Static analysis of RTF (Rich Text Format) files
RTF control words
Malicious code inside embedded Microsoft OLE objects
Links to external resources inside embedded Microsoft OLE objects
Overlay data in RTF files
Embedded files inside RTF documents
Static analysis of MS-OOXML (Microsoft Office Open XML) format
Suspicious loading of ActiveX objects
Identifying ROP chains and sledges in OLE object
Static analysis of MS-CFB (Microsoft Compound File Binary File) format
Scanning storage and stream objects
Extraction and analysis of VB macro code
High-level implementation of the static analysis engine
Results over in-the-wild exploits
Mixed exploits detection results
Despite recent advances in exploitation strategies and exploit mitigation techniques, fundamental infection vectors remain the same. It is critical to advance security solutions to inspect both new and known infection vectors in order to successfully mitigate targeted attacks. Apparently, the use of lure documents has become one of the most favoured attack strategies for infiltrating target organizations. Recently, some of the most high impact attacks using this conventional technique have been uncovered by the security community.
In this paper, we present an exploit detection tool that we built for the purpose of detecting malicious lure documents. This detection engine employs multiple binary stream analysis techniques for flagging malicious Office documents, supporting static analysis of RTF, Office Open XML and Compound Binary File format (MS-CFB). The use, by attackers, of weaponized lure documents necessitates deeper inspection of these file formats at the perimeter.
Object Linking and Embedding exposes a rich attack surface which has been abused by attackers over the past few years to hide malicious resources. For instance, OOXML files can be used to load OLE controls which can eventually facilitate remote code execution. Our proposed detection tool is built to extract embedded storage streams, OLE objects, etc. and apply binary stream analysis techniques over it, in addition to inspecting specific file sections and analysing embedded scripts, to identify malicious code. This detection tool had been tested over a wide set of in-the-wild exploits and variants.
It is hardly surprising that some of the most infamous targeted attacks that we have spotted in the past used conventional attack vectors and infection techniques to penetrate their target organizations. Multiple attacks using lure documents have been uncovered by the security community over the last year. Since attackers using this technique to execute phishing attacks would most likely deliver the weaponized exploit documents to the target, it becomes a pressing need for any perimeter security solution to investigate these file formats a little deeper for signs of maliciousness. Network and endpoint security solutions have the capability to look deeper into several file formats, but seemingly have limited detection capability of weaponized documents exploiting zero-day vulnerabilities. Modern sandboxing solutions also support analysis of multiple file formats, but often do not provide complete behaviour visibility. It is critical to augment the exploit detection capability of these solutions with an engine that can perform static inspection of files and classify documents based on the characteristics of the embedded binary content.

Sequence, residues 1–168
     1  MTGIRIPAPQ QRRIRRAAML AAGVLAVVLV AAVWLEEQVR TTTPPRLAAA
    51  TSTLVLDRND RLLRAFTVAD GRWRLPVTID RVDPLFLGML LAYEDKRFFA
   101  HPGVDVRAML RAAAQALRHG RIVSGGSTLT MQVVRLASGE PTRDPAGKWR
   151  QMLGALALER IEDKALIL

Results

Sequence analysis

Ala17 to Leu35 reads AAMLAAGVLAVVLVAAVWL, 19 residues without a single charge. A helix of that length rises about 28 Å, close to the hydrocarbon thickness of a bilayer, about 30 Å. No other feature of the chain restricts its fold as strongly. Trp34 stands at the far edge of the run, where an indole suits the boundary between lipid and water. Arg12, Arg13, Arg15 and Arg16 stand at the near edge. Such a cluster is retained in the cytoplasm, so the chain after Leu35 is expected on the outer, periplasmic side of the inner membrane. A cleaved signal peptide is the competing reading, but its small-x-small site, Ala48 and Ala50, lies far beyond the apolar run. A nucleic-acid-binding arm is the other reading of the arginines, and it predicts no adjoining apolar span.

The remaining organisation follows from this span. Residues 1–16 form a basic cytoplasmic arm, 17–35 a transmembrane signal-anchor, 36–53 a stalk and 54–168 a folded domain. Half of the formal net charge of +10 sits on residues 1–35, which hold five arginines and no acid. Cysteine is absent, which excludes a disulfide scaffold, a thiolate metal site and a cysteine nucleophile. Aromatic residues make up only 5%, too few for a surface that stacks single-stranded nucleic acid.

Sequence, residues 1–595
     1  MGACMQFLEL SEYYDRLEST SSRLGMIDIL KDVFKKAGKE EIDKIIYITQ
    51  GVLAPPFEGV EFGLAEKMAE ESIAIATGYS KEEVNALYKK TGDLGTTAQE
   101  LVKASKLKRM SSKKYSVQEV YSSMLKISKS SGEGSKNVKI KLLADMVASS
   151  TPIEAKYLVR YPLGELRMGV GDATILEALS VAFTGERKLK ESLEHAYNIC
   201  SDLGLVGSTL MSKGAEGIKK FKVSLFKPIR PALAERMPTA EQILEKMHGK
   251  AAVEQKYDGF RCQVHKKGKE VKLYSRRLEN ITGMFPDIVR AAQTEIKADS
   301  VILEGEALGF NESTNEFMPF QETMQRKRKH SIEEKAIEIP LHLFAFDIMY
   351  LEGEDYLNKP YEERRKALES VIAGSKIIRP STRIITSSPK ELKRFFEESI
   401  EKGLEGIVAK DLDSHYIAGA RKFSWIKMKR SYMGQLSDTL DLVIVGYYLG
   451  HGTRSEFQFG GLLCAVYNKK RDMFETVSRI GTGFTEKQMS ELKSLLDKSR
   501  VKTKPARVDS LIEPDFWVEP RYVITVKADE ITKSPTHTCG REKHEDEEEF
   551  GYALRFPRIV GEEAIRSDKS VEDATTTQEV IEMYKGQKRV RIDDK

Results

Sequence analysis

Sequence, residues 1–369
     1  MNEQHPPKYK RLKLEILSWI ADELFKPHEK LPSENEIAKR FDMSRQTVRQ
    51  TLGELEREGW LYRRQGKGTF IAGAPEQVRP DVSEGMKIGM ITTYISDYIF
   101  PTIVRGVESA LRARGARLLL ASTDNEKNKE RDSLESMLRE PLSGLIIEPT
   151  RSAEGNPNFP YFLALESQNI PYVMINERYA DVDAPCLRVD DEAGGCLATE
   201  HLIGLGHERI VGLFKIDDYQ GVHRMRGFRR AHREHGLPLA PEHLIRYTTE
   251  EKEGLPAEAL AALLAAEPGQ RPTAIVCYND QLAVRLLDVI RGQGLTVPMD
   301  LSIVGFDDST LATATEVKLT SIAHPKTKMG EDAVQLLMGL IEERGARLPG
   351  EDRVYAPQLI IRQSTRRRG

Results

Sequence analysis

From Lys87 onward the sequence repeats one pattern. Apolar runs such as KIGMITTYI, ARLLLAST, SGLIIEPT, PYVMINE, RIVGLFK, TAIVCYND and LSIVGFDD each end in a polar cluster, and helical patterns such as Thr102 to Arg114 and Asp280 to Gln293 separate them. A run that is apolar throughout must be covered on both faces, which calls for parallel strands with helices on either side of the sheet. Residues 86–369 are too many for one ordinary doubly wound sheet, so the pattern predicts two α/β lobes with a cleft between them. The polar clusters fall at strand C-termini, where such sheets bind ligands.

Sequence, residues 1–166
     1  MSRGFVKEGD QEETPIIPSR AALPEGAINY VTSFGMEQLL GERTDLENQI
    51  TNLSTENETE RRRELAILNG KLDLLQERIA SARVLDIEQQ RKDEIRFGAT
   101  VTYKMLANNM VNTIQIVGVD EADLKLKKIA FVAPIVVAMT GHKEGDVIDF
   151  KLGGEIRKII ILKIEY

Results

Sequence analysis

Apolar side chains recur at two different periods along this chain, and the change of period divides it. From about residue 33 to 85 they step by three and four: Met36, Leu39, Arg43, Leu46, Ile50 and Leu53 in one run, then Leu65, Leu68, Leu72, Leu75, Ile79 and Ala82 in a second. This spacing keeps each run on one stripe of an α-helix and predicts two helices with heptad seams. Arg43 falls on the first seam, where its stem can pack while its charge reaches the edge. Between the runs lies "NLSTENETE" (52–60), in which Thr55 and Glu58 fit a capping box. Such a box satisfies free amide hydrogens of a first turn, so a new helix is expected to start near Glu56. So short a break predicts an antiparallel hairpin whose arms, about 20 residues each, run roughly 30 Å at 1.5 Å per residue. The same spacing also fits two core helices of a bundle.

Object Linking and Embedding (OLE), a technology based on Component Object Model (COM), is one of the features in Microsoft Office documents which allows the objects created in other Windows applications to be linked or embedded into documents, thereby creating a compound document structure and providing a richer user experience. OLE had been massively abused by attackers over the past few years in a variety of ways. OLE exploits in the recent past have been observed either loading COM objects to orchestrate and control the process memory, taking advantage of the parsing vulnerabilities of the COM objects, hiding malicious code or connecting to external resources to download additional malware. We have had multiple instances of OLE exploits using the multi-COM loading method to execute an attack. With this, it becomes vital for any security solution to inspect documents at the perimeter before they reach the endpoint. Additionally, it is fundamental to inspect other attack surfaces like embedded scripts, Flash files, etc. to be able to detect unknown attacks.
In the following sections, we describe the Static Analysis Engine (SAE) that we implemented for a similar purpose. The Static Analysis Engine supports the inspection of OLE Compound Binary File format (MS-CFB), Rich Text Format (RTF) and OOXML file format, and applies binary stream analysis techniques to identify unusual streams of data. SAE utilizes the underlying document parsing capabilities to extract all the embedded or linked COM objects from Microsoft Office documents and further analyses them for any suspicious or malicious indicators. It also extracts the embedded object and storage streams from the Compound Binary File format and explores the possibility of injected malicious code by emulating and statically analysing these streams. It is also important to analyse known attack surfaces such as embedded VB macro scripts, since targeted attacks using lure documents with obfuscated macro scripts have been on the rise. It is crucial to look for attack vectors that deliver other file format exploits, such as Flash files, from within the Microsoft Office documents, extract and probe them for any possible malicious indications.
In the following sections, we walk through some of the malicious indicators, inspection methods and heuristics implemented by the SAE over the various file formats and share some of the initial observed results towards the end. However, the methods outlined here are by no means an exhaustive list.